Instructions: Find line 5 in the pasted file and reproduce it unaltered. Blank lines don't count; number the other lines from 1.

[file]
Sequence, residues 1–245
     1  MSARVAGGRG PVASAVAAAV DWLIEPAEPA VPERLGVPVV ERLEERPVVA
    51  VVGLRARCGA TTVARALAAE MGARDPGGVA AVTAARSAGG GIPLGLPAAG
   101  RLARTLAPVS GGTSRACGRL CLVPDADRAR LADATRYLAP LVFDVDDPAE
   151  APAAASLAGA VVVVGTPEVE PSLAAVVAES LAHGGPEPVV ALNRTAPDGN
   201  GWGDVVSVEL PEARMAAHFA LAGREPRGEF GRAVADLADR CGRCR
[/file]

   151  APAAASLAGA VVVVGTPEVE PSLAAVVAES LAHGGPEPVV ALNRTAPDGN